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Summary of the new Overseas Investment Regime

Updated: Apr 16


The central government has, in consultation with the Reserve Bank of India (“RBI”) revamped the regulatory regime governing overseas investment from India and has introduced an entirely new regulatory framework. The Ministry of Finance has issued the Foreign Exchange Management (Overseas Investment) Rules, 2022 (“Rules”) pursuant to Section 46 (power to make rules) of the Foreign Exchange Management Act, 1999 (“FEMA”) which primarily governs overseas non-debt investment framework and the RBI has issued the Foreign Exchange Management (Overseas Investment) Regulations, 2022 (“Regulations”) and the Foreign Exchange Management (Overseas Investment) Directions, 2022 (“Directions”) which primarily govern overseas debt investment framework. The Rules, Regulations, and Directions shall together be referred to as the “New Framework”.


The New Framework supersedes the erstwhile overseas direct investment regime governed under the Foreign Exchange Management (Transfer or Issue of any Foreign Security) Regulations, 2004 and the Foreign Exchange Management (Acquisition and Transfer of Immovable Property Outside India), Regulations 2015.


We summarise some of the key changes brought in by the New Framework:


(i) The introduction of the definition of a ‘foreign entity’ which refers to ‘an entity formed or registered or incorporated outside India including an International Financial Services Centre (“IFSC”) in India that has limited liability’.


(ii) The introduction of the definition of ‘Indian Entity’. Earlier all investors from India in a foreign entity were together considered as an ‘Indian Party’, but now each investor entity will be separately considered as an Indian entity.


(iii) The introduction of the definition of ‘control’ as the right to appoint majority of the directors or to control management or policy decisions exercisable by a person or persons acting individually or in concert, directly or indirectly, including by virtue of their shareholding or management rights or shareholders’ agreements or voting agreements that entitle them to ten percent or more of voting rights or in any other manner in the entity.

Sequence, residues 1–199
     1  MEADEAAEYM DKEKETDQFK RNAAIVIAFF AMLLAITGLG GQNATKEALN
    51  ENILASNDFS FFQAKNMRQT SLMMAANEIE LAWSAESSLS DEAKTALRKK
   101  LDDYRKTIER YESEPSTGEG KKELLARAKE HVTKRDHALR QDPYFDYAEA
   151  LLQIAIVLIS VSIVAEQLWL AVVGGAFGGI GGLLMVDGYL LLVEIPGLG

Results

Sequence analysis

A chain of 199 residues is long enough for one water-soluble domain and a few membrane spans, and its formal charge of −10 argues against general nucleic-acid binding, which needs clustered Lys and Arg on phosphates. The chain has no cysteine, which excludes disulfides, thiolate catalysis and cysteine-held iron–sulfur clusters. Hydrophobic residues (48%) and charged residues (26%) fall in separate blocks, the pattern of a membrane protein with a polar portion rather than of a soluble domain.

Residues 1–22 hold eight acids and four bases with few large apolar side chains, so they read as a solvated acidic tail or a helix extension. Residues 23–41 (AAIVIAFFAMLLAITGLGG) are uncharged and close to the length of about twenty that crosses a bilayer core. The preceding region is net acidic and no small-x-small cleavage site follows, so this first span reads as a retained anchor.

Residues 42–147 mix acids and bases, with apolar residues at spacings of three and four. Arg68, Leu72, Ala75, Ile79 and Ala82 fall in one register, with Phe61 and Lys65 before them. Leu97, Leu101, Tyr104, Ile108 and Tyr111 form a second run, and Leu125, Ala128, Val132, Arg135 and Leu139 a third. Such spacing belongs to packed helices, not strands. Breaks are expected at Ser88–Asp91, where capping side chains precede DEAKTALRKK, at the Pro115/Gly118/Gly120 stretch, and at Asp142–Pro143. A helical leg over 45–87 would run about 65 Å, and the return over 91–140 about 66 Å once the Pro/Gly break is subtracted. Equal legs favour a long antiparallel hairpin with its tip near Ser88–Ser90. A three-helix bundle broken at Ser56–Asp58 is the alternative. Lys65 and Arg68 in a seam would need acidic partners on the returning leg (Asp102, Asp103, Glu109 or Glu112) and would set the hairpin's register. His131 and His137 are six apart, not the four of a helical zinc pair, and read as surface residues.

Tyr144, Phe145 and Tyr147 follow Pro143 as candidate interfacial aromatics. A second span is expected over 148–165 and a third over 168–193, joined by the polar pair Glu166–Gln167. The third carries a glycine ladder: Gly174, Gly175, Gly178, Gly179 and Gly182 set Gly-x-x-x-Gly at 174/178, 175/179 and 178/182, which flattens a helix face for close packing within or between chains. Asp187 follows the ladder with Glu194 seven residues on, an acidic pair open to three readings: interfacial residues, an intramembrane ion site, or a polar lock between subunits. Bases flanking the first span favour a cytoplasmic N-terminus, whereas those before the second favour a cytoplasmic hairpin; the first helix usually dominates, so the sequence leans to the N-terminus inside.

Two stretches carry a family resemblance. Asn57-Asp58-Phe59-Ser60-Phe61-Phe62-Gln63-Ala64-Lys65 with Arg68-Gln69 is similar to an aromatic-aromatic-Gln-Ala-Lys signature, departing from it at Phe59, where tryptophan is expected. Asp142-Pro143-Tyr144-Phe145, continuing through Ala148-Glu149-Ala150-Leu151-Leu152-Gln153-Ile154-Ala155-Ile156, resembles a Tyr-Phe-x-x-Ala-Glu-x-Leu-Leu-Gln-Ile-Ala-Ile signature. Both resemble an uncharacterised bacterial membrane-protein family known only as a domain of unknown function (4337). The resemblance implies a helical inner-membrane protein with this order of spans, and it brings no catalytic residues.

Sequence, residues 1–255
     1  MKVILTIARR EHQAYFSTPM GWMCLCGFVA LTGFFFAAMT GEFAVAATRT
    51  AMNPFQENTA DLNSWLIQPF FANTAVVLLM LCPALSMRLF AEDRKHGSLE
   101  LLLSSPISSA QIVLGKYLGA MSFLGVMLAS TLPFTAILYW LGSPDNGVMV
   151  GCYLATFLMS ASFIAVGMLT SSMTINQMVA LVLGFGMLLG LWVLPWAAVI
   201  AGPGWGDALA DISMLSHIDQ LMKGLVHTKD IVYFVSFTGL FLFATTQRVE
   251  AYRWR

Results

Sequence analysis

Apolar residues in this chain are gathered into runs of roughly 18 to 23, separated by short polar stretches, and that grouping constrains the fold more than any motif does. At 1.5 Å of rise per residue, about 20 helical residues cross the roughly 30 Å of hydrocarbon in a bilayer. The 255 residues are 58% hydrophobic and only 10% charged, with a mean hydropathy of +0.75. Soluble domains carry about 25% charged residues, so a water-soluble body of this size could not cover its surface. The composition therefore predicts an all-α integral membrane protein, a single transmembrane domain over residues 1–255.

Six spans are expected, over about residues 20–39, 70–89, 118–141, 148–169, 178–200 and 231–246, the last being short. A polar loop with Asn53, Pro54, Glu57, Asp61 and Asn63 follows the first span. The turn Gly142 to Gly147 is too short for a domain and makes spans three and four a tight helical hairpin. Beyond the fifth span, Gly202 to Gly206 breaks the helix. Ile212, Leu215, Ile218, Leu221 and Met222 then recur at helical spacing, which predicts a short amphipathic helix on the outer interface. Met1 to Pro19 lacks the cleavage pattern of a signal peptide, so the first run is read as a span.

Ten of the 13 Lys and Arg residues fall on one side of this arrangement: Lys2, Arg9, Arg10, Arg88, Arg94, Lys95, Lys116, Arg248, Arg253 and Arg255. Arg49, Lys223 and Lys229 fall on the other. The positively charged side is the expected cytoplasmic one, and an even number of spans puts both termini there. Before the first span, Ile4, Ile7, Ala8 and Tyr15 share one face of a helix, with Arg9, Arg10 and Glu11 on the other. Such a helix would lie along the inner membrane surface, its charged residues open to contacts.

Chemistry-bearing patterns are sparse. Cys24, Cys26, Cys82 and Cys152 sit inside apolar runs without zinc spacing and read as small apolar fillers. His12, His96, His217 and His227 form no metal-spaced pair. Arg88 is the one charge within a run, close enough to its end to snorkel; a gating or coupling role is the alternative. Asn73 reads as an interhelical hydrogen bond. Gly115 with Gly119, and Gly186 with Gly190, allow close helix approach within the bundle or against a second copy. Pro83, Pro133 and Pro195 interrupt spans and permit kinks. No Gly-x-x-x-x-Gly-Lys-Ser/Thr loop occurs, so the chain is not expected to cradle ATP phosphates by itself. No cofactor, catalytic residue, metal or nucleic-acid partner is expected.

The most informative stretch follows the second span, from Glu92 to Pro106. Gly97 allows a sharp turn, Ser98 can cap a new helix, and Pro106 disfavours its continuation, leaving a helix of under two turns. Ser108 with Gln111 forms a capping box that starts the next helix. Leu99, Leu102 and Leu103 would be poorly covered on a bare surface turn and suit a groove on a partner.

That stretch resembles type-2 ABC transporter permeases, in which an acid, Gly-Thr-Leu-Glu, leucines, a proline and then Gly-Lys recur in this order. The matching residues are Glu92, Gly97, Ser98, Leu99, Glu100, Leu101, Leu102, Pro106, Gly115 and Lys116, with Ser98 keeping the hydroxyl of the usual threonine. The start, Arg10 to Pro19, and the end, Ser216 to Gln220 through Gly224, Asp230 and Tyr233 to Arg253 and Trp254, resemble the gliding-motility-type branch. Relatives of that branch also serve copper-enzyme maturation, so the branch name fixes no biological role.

(iv) The introduction of the definitions of the terms overseas direct investment and overseas portfolio investment. Overseas direct investment has been defined to mean investment: (i) by way of acquisition of any unlisted equity capital or subscription as a part of the memorandum of association of a foreign entity; (ii) an investment in ten percent or more of the paid up equity capital of a listed foreign entity; or (iii) investment with control where investment is less than ten percent of the paid up equity capital of a listed foreign entity. Overseas portfolio investment on the other hand primarily means overseas investments other than overseas direct investment in foreign securities (except in unlisted debt securities or securities issued by Indian residents (except IFCSs)). Schedule I and II to the Rules provides for the manner in which overseas direct investment and overseas portfolio investment can be made by an Indian Entity.


(v) The introduction of the ability of Indian entities not engaged in a financial services sector in India to explore opportunities overseas by way an overseas investment in a foreign entity which is directly or indirectly engaged in financial services activity (other than banking and insurance) subject to specified conditions. Similarly, an Indian entity not engaged in the insurance sector has now been permitted to undertake an overseas investment in general and health insurance subject to compliance with stipulated conditions.


(vi) The introduction of the requirement of a no objection certificate in case the person resident in India who is seeking to invest outside India has an NPA or is classified as a wilful defaulter by any bank or is undergoing investigation by any investigation agency namely the Central Bureau of Investigation, Directorate of Enforcement and the Serious Frauds Investigation Office or a financial service regulator. The investigating agency or lender bank is required to respond to such written applications for an NOC within 60 (Sixty) days, beyond which will be considered deemed consent to the proposed transaction.


(vii) The introduction of the term ‘strategic sector’ which includes energy and natural resources sectors such as oil, gas, coal, mineral ores, submarine cable system and start-ups, and any other sector or sub-sector as deemed fit by the central government. In instances where the foreign entity’s core activity lies in any strategic sector, the restriction of limited liability structure of the foreign entity shall not be mandatory. Accordingly, overseas direct investment in unincorporated companies operating in such strategic sectors has been permitted.


(viii) The introduction of the requirement to submit a valuation report in cases where diminution of the entity where the original investment is more than USD 10 million or in the case where the amount of such diminution exceeds 20% of the total value of the outstanding dues. This has removed the condition of the approval of RBI in the case of restructuring of the balance sheet of the overseas entity involving write off of capital of more than 25% of the investment.


(ix) The provision for a resident individual, who is an employee or a director of an office in India or branch of an overseas entity or a subsidiary in India of an overseas entity or of an Indian entity in which the overseas entity has direct or indirect equity holding, to acquire, without limit, shares or interest under ESOP or employee benefits scheme or sweat equity shares offered by such overseas entity, provided that such issues are offered by the issuing overseas entity globally on a uniform basis.


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